St. Augustine 's Confessions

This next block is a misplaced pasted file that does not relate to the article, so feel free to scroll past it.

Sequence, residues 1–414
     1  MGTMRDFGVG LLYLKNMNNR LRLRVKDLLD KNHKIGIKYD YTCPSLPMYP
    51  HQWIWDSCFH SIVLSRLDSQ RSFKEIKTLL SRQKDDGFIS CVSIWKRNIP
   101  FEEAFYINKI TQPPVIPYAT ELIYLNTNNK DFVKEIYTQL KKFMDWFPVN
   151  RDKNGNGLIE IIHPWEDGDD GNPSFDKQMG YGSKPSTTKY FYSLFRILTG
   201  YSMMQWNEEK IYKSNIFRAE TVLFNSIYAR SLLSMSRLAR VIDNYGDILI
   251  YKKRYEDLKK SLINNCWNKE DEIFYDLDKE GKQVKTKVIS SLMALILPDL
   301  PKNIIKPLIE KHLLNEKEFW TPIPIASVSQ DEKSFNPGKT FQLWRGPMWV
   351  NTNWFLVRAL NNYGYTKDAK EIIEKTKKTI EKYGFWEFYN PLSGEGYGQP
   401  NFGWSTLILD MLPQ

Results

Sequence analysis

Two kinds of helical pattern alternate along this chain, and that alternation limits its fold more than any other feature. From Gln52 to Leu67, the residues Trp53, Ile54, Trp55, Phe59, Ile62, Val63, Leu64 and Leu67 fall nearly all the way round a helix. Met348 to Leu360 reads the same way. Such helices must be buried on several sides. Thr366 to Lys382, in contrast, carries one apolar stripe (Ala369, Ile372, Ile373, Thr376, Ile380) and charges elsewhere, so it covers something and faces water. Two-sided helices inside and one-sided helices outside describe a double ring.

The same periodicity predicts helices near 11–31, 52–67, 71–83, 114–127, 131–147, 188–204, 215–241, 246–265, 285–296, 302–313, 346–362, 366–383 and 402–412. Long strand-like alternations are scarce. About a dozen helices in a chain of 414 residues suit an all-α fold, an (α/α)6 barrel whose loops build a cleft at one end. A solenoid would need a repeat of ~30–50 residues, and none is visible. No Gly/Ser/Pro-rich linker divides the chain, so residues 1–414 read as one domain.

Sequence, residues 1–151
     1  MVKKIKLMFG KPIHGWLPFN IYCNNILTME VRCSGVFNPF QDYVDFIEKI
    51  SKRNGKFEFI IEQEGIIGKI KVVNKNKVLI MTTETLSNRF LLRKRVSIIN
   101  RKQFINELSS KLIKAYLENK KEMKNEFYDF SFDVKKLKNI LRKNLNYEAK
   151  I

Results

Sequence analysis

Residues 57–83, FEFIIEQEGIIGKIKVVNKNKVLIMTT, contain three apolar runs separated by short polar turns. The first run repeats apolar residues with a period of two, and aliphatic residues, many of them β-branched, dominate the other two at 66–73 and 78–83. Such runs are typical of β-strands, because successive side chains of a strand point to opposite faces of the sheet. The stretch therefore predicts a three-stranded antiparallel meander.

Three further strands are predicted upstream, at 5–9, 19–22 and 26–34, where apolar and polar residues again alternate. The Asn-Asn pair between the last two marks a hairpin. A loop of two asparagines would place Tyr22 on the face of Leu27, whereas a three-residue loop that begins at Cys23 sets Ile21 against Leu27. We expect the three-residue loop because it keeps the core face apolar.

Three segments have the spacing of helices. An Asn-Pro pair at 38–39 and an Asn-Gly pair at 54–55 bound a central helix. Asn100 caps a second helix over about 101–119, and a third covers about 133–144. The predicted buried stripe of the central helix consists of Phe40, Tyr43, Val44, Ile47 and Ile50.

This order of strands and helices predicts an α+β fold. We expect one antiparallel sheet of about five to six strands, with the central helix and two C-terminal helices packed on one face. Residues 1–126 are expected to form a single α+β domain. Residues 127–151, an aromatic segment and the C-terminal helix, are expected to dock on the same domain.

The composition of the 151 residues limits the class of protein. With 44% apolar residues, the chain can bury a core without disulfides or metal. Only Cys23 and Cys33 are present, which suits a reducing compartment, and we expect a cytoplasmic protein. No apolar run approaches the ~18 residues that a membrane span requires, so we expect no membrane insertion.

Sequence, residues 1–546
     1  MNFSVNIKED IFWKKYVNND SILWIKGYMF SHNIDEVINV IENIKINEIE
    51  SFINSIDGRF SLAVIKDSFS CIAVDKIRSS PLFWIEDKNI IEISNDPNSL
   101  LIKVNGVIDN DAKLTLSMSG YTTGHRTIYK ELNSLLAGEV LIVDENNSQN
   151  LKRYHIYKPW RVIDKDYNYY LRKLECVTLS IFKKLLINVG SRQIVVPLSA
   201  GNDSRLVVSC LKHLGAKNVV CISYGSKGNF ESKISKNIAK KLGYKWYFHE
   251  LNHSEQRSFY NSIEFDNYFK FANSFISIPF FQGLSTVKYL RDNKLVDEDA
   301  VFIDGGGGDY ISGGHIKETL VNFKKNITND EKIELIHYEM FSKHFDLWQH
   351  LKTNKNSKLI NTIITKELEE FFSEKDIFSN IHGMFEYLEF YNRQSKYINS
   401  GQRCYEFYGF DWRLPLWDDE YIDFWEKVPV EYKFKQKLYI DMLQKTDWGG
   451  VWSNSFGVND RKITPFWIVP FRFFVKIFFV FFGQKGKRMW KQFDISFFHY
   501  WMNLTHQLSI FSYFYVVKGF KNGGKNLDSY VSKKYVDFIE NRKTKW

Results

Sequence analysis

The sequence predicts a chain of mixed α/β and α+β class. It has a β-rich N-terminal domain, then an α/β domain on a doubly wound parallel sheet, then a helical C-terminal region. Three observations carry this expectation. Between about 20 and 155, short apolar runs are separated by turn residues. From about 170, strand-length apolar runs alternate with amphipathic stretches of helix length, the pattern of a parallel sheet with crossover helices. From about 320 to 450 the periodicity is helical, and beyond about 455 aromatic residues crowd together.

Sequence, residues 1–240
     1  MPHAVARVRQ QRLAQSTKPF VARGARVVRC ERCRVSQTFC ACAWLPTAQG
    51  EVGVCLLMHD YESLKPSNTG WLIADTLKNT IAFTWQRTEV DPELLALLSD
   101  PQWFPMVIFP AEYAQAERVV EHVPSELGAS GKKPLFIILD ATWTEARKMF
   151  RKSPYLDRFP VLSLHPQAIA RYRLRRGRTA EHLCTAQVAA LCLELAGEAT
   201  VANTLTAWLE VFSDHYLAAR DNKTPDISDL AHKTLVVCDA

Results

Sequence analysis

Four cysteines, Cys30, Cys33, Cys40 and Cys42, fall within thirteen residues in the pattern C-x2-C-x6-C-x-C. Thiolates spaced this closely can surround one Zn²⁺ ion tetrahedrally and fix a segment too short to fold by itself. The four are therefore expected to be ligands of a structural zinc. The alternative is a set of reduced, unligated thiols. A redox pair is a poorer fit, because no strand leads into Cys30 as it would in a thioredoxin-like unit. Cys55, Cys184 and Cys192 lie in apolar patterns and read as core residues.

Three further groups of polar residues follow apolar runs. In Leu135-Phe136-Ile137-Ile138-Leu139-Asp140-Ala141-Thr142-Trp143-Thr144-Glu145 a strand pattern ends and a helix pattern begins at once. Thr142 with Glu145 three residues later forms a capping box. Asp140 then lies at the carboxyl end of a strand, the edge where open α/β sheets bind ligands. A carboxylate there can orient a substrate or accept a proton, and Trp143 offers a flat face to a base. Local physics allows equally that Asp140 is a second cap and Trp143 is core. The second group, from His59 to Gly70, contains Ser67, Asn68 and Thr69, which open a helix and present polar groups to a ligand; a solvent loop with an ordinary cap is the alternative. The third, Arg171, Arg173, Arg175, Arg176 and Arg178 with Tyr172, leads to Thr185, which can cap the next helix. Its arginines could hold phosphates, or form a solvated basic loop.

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St. Augustine’s Confessions has often been referred to as a book undertaking the subject of conversion. Throughout Augustine of Hippo’s life he underwent several conversions so it is unsurprising that those experiences influenced his books. Although he was baptized as a Christian at birth, he rejected Christianity until his final conversion at age thirty. After his conversion and eventually beginning a monastic life he became the most important theologian in Christian history until the Reformation. His Confessions was the first spiritual autobiography, and is said to represent humanities struggle to find the divine, though the triumphant ending of man discovering the divine is anticipated from the beginning. Augustine began his religious life as a Manichaeist, joining them when he was only seventeen and staying in that religion for nine years. However he could not find the answers he sought with the Manichaeists, so he moved to Rome and then on the Milan where he became involved with Neoplatonism. However he was still unable to find answers to his questions or freedom from his sins. It was not until he met Bishop Ambrose that his life was changed. He gained a greater understanding of the Bible and the letters of St. Paul made an impact on him. One early hesitation in his desire to convert was that he would have to give up his mistress, which did not consider himself ready to do. However in 384 he had a great mystical experience, he was in his garden when he heard a child’s
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